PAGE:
The Trump administration is implementing its treacherous strategy to eliminate Clean Water Act protections for waters—and communities—across the country through a rulemaking that removes historically protected rivers, streams, lakes, wetlands, and other waters from its “waters of the United States” definition.
This rulemaking by the United States Environmental Protection Agency and Army Corps of Engineers is the most far-reaching attack we have ever seen on the Clean Water Act. By drastically reducing the number of waters protected by the Clean Water Act, it will cause untold damage to people, wildlife, and the country as a whole.
Waterkeeper Alliance President Robert F. Kennedy, Jr. released the following statement:
“The Trump administration’s proposal to eviscerate the Clean Water Act is a gift to polluters and an attack on the civil right of American citizens and our children to live in a safe nation free from exposure to dangerous toxins. History and science have proven that we cannot control pollution or protect our waterways without broad federal protections, and it is imperative for citizens to be able to hold polluters accountable for their misdeeds. President Trump promised to drain the swamp. Instead, he has turned our government over to oilmen, chemical barons and billionaire Plutocrats who make money by poisoning the rest of us.“
As State Reviews Standards for Managing Hog Waste, It Must Take Little-Regulated Poultry Waste Into Account
North Carolina, a state known for the devastating environmental and public health impacts of industrial-scale hog production, now has more than twice as many poultry factory farms as swine operations, according to a new investigation from the Environmental Working Group and Waterkeeper Alliance.
The groups’ research found that in 2018, manure from 515.3 million chickens and turkeys joined the waste from 9.7 million hogs already fouling waters and threatening North Carolinians’ health. By scouring satellite data, examining U.S. Department of Agriculture imagery and conducting site visits, EWG and Waterkeeper experts identified more than 4,700 poultry and about 2,100 swine concentrated animal feeding operations, or CAFOs.
The analysis comes as state regulators are debating the terms of the state permit regulating waste management from swine CAFOs.
“If you’re setting standards for pig waste, you can’t ignore the recent explosive growth of the poultry industry, which has largely flown under the radar,” said Soren Rundquist, EWG director of spatial analysis.
The North Carolina Department of Environmental Quality, or DEQ, is required to update its CAFO waste permits every five years and is currently gathering public and industry input on the swine permit. The agency must consider the cumulative impact of similar operations – hogs, poultry and cattle – on the environment.
DEQ’s top CAFO regulator recently admitted to lax enforcement in the agency’s oversight of swine operations. And in 2014, the U.S. Environmental Protection Agency opened an investigation into whether the state’s management of swine facilities and their waste discriminates against African-Americans, Latinos and Native Americans, as described in this letter from EPA to the DEQ. A settlement was reached last May.
Although the state implemented a moratorium on new swine operations in 1997, the poultry industry has tripled since then – from 147 million birds to 515.3 million today.
“Most of the poultry industry operates largely with impunity,” said Will Hendrick, staff attorney for Waterkeeper Alliance. “Unfortunately, there is a lot of geographic overlap of poultry and swine operations, particularly in the coastal plain. That means North Carolina’s rivers, already choking on millions of gallons of pig manure, are now forced to cope with tons of chicken waste, as well.”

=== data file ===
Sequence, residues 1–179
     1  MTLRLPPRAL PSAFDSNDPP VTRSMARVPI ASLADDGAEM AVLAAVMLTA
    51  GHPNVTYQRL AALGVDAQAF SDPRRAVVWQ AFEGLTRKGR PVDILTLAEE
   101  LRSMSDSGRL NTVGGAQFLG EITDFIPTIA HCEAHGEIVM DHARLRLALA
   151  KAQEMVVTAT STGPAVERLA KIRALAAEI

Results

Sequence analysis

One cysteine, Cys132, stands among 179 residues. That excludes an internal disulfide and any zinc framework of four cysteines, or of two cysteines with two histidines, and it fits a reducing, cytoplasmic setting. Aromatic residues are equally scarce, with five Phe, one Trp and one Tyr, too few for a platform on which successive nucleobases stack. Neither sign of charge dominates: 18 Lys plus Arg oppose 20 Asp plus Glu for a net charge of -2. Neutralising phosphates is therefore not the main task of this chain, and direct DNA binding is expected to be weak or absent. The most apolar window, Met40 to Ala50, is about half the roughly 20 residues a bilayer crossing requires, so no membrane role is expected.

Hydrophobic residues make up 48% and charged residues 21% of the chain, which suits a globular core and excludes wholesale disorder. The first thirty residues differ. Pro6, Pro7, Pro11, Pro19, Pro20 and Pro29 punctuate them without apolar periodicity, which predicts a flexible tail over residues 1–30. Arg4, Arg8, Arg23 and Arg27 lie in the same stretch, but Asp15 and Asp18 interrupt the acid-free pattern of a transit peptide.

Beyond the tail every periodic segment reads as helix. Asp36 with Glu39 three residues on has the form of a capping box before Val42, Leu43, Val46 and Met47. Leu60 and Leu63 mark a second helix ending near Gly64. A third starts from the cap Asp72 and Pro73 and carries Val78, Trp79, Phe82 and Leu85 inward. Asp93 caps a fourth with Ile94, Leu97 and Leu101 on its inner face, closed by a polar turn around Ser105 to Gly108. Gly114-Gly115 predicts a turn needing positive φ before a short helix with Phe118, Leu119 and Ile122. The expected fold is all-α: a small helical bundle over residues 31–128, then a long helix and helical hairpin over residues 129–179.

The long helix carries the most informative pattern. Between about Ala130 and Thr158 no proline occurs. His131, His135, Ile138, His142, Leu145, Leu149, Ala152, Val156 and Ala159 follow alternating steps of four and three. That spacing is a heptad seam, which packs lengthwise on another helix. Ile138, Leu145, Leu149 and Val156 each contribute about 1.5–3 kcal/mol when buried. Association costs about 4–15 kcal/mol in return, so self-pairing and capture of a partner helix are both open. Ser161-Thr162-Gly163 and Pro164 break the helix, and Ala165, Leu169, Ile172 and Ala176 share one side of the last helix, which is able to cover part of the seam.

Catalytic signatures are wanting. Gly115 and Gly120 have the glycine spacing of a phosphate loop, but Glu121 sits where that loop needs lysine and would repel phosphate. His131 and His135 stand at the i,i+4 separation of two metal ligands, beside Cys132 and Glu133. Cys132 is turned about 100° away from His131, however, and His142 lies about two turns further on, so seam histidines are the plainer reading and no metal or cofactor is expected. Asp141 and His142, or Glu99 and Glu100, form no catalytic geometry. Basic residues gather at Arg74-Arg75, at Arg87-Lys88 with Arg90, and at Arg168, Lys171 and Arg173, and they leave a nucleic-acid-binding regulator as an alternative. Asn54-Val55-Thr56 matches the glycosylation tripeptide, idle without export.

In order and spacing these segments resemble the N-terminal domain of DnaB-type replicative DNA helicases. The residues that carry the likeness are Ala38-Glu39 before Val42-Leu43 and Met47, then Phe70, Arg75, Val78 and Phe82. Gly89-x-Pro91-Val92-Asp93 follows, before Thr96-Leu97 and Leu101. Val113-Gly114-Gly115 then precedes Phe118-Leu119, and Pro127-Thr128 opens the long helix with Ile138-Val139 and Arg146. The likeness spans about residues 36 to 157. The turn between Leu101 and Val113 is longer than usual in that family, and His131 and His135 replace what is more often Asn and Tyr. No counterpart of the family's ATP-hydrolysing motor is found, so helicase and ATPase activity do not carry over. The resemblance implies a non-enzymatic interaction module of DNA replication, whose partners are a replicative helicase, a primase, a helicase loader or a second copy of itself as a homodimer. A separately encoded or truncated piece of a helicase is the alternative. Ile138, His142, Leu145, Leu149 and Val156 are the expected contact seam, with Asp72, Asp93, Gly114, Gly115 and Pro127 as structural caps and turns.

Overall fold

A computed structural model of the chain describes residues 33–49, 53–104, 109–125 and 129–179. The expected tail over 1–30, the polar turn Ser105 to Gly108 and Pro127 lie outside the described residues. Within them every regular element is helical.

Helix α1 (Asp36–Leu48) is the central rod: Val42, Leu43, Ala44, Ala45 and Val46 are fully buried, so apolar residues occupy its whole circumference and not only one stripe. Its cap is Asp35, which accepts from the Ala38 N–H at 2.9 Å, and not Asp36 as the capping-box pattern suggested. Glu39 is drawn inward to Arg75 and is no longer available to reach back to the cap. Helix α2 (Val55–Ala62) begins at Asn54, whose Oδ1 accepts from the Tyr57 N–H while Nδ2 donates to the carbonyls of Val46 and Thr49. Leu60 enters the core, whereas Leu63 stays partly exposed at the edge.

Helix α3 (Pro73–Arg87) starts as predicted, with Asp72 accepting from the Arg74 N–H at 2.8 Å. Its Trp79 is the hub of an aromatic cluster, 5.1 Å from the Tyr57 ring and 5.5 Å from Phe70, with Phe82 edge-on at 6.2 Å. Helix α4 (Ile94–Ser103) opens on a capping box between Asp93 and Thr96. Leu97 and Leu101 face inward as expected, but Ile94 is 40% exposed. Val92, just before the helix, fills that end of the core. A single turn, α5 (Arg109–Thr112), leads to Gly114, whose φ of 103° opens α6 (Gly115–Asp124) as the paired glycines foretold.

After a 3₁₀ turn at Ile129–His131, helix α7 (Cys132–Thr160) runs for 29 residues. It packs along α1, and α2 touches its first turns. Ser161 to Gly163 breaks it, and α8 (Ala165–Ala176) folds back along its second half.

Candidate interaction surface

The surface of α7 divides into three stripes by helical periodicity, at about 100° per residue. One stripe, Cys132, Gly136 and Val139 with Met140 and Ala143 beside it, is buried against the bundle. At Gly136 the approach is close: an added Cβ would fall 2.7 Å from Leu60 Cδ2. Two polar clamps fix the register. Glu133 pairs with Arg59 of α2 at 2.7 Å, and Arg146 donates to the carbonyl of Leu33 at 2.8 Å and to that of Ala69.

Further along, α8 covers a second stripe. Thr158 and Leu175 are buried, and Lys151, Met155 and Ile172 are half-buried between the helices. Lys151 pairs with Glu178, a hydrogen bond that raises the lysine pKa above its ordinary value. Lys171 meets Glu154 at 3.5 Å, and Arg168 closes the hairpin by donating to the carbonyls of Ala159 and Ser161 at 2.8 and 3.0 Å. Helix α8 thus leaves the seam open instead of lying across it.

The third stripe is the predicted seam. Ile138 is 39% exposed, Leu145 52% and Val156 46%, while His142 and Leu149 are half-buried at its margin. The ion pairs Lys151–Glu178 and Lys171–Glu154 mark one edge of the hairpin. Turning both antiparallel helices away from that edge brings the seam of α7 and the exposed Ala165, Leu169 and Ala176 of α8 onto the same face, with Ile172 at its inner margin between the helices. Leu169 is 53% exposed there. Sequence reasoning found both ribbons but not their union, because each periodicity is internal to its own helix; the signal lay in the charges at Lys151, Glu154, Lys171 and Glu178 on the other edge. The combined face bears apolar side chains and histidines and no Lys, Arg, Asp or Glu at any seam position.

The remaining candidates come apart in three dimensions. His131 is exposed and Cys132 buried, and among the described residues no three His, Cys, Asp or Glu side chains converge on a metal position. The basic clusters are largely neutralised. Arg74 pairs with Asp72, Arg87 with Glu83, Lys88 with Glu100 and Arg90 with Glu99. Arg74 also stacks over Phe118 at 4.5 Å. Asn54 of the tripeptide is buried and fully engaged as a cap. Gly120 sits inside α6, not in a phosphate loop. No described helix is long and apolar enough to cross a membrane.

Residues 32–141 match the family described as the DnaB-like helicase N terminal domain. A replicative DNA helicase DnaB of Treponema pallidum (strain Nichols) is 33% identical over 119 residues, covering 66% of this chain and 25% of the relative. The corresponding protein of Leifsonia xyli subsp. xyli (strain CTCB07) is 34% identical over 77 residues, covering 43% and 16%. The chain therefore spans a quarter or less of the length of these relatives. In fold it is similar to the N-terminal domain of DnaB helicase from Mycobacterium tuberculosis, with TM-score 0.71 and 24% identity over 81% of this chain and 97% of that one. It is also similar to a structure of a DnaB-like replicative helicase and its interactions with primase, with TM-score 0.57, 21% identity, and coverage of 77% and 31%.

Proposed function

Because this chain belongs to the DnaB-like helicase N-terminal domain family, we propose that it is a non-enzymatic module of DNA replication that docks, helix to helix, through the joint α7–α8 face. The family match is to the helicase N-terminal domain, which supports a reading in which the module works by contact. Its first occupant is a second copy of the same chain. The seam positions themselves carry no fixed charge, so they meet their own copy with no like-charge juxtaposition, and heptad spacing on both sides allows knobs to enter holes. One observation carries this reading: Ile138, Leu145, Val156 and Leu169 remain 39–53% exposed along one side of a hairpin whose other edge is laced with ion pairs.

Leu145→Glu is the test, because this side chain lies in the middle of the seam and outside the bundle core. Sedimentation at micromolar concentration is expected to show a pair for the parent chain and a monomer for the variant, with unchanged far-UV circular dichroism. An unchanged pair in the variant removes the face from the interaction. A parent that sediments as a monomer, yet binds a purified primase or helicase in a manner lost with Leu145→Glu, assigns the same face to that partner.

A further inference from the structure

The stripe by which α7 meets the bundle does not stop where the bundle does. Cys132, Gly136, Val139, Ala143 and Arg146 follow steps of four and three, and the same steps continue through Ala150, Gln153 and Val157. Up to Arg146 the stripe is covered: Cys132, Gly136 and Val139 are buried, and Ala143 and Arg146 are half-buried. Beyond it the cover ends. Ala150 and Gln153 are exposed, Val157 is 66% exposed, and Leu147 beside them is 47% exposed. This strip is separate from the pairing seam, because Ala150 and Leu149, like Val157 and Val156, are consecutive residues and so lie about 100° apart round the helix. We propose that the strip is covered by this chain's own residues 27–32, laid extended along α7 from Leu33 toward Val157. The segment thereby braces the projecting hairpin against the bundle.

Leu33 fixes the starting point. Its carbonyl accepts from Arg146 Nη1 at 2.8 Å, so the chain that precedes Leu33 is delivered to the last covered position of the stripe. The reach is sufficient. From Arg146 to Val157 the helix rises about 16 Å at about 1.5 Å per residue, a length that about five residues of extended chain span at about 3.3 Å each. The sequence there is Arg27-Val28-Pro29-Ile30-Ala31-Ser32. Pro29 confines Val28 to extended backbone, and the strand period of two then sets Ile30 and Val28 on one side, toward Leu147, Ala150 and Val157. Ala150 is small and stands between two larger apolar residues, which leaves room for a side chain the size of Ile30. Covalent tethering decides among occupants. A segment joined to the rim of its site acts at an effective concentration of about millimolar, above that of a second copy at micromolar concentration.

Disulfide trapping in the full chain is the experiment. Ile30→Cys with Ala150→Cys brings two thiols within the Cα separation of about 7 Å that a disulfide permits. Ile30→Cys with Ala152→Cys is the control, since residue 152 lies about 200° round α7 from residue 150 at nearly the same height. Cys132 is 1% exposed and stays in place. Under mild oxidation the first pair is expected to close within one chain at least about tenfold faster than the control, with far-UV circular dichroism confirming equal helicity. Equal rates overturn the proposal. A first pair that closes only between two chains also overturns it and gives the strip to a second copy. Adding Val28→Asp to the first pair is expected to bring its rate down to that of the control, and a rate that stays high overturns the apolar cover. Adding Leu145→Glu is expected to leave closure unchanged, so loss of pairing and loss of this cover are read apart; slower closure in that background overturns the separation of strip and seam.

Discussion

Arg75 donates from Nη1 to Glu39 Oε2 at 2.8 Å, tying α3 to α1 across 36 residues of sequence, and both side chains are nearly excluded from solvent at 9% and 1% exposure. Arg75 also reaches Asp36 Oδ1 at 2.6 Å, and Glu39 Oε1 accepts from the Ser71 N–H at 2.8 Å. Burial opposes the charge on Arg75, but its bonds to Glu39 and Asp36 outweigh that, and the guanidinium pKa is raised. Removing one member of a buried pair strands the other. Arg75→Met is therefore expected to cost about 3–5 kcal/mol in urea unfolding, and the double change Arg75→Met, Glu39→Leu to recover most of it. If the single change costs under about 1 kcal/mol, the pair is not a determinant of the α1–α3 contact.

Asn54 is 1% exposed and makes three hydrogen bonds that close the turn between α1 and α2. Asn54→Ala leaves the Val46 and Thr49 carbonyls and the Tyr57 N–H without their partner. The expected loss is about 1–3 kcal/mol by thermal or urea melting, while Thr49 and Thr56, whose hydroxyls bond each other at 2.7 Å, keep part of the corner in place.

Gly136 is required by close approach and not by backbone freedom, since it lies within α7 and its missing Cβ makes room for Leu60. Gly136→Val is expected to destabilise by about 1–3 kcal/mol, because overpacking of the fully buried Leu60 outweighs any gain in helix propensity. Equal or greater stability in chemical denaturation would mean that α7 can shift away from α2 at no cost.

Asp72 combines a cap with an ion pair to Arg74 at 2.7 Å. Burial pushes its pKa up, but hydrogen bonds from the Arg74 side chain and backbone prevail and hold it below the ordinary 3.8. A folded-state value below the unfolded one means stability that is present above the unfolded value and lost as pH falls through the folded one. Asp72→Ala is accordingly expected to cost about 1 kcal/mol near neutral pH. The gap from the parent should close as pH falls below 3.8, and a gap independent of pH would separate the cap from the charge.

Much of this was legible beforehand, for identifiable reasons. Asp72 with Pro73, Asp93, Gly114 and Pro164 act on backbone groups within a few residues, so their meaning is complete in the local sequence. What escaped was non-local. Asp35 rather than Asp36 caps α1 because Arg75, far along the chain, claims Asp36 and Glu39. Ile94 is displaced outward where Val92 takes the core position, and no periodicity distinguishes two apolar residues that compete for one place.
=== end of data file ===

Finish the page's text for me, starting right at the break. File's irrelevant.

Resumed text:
In Duplin and Sampson counties – historically the epicenter of hog pollution – nearly 82 million chickens and turkeys are now packed in among four million pigs.
People who live near or work on swine CAFOs are more likely to suffer from potentially deadly diseases like asthma, bacterial infections and high blood pressure, according to a 2018 Duke University study. In four recent federal lawsuits, juries have found in favor of North Carolina neighbors of CAFOs, although the state legislature has made such lawsuits much more difficult to file.
Nutrient pollution from the nitrogen and phosphorus found in farm animal waste can cause issues like toxic algae blooms that kill fish and other marine life, choke out native plants and contaminate drinking water. Due to the rapid growth of the industry, poultry operations are now a much larger source of nutrient pollution in North Carolina than swine farms.
Many North Carolina CAFOs are located in areas prone to flooding, especially as climate-change-related weather leads to more frequent, more severe storms. Although the 1997 hog operation moratorium was precipitated by hurricanes hammering farms in North Carolina floodplains, at least 74 poultry farms have been built in floodplains, many along three rivers – the Lumber, Neuse and Cape Fear – that flooded during both Hurricane Matthew in 2016 and Hurricane Florence in 2018.
Poultry waste, which is mixed with carcasses and bedding to form a substance called dry litter, is stored in large piles before being applied to farm fields. It can easily be blown by wind or washed by rain into nearby rivers.
“There is ample evidence factory farm pollution simply doesn’t stay on farms,” Rundquist said. “As DEQ finalizes the swine waste standards, it must account for the enormous recent growth of the poultry industry. The health of North Carolinians and their environment depend on it.”
On Jan. 31, the North Carolina DEQ announced a 30-day public comment period on CAFO waste permits, as well as two public meetings. The first meeting will be held at 6 p.m. on Feb. 19 at James Sprunt Community College in Kenansville. The second will be held at 6 p.m. on Feb. 26 at Statesville Civic Center in Statesville.
*Photo by Mercy for Animals
Regulator has missed Safe Drinking Water Act deadlines for toxic and carcinogenic contaminants